Very often, developers will open up apps and games for pre-registration. It is primarily to gauge the public's interest in the app, allowing the company to strategize accordingly. A lot of devs even throw in some in-app bonuses for early adaptors. As a result, a lot of people express interest in an app that won't release until several months in the future. It is easy for users to forget about the apps, and that's why a future version of the Google Play Store will automatically download apps that one has pre-registered for.
The upcoming feature was discovered by XDA Developers, who did a deep dive into the Play Store APK. It was found in Google Play Store v18.6.28, which contained several references to functions that would automatically install pre-registered apps and games. Once the or game has been installed successfully, you should get a notification saying, "You pre-registered for this app and it's now installed on your device. Enjoy the app/game!"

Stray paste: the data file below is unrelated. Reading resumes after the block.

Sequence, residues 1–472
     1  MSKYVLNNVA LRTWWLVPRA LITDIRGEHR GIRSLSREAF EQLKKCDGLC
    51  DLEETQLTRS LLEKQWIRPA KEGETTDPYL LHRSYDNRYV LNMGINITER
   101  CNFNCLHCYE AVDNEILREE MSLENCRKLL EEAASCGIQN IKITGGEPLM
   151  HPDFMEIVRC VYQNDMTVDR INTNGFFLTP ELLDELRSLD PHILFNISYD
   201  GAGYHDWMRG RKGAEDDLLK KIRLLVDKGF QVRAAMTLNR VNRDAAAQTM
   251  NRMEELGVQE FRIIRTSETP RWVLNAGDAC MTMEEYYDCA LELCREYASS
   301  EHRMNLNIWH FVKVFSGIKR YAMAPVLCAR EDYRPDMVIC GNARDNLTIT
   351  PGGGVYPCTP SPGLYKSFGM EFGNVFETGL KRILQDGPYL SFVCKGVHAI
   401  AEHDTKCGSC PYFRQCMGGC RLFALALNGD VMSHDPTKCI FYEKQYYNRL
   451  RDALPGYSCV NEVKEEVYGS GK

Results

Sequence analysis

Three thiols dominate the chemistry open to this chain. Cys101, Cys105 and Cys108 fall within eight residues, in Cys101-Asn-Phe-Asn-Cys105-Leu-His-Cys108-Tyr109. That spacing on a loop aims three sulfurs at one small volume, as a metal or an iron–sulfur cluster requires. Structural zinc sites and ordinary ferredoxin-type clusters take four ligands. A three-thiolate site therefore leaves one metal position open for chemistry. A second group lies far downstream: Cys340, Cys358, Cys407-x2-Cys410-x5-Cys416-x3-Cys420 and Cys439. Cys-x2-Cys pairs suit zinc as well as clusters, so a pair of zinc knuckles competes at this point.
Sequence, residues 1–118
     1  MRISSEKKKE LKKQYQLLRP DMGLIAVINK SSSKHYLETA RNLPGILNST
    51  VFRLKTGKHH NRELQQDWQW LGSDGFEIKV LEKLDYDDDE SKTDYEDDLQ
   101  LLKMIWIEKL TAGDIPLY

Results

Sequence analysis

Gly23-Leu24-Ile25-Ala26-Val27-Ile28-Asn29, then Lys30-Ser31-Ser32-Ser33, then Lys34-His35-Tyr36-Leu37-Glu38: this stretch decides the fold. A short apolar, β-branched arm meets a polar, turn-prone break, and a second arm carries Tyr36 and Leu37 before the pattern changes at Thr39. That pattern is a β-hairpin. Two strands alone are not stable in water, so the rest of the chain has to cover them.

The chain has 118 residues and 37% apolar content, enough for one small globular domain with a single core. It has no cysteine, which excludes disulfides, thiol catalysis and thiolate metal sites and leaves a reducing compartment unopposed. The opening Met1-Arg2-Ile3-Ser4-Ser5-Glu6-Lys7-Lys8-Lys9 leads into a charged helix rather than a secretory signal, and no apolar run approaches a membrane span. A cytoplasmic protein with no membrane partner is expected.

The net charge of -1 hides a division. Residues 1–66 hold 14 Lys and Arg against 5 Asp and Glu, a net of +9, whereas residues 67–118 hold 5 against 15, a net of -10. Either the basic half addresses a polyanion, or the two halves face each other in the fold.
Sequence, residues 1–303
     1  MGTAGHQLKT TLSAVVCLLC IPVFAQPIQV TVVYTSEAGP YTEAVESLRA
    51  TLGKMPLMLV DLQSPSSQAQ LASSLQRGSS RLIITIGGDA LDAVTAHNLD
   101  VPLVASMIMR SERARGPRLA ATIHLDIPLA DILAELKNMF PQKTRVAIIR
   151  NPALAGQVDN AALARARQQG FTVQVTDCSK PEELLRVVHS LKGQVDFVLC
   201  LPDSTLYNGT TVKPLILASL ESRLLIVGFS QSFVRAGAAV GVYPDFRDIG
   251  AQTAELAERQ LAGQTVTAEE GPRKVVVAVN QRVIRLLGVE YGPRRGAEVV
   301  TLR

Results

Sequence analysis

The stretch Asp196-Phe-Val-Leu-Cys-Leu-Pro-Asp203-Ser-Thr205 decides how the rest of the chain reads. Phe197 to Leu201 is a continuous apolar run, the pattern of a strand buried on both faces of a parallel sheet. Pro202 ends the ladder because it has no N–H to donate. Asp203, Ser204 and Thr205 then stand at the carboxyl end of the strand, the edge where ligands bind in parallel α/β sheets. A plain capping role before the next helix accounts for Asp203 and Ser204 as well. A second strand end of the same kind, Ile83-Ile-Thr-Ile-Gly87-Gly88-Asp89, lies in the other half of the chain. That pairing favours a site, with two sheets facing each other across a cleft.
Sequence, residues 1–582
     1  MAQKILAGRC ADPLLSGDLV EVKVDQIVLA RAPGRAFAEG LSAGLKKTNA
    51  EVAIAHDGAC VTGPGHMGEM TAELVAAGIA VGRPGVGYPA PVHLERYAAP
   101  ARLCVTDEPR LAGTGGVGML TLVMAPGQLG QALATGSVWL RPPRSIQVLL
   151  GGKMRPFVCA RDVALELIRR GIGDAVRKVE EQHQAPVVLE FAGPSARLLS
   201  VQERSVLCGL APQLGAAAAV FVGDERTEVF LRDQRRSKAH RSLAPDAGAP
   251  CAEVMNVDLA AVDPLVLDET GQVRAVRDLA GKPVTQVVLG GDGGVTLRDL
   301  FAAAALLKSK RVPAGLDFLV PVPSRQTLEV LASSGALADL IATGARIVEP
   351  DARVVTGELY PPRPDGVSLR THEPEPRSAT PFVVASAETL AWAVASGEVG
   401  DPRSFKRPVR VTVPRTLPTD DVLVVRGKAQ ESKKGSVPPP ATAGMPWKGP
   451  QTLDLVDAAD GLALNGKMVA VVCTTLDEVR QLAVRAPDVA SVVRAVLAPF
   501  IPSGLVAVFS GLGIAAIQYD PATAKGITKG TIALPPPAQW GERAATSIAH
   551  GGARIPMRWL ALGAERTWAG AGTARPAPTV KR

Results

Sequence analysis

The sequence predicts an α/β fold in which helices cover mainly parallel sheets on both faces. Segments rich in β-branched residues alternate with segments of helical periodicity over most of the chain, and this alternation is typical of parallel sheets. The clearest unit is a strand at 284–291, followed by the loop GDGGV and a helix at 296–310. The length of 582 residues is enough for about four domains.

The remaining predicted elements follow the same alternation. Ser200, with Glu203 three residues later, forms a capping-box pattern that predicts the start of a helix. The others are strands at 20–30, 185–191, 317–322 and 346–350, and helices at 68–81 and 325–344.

Currently, the Play Store relies on a notification that tells a user that their app/game is ready for download. While it is a fairly efficient way of going about it, notifications are easy to miss, especially if you happen to get a lot of them. On the flip side, installing an app without notifying a user might come off as a tad intrusive. An ideal solution lies somewhere in between and we hope that Google has that figured out.
Furthermore, several modern-day are now a few gigabytes in size. A single unsolicited download can wreak havoc on devices that operate on a limited data plan. We're assuming that the Play Store will hold off on downloading the app based on the user's Play Store updates preferences. The best way to go about it would be to create a new section in the Play Store settings for pre-registered apps and let the users fine-tune it according to their preferences.
It will be a while before we see the feature in action, though. The version of the Play Store in question was a beta build, indicating that it still has to go through additional testing before it is deployed en masse.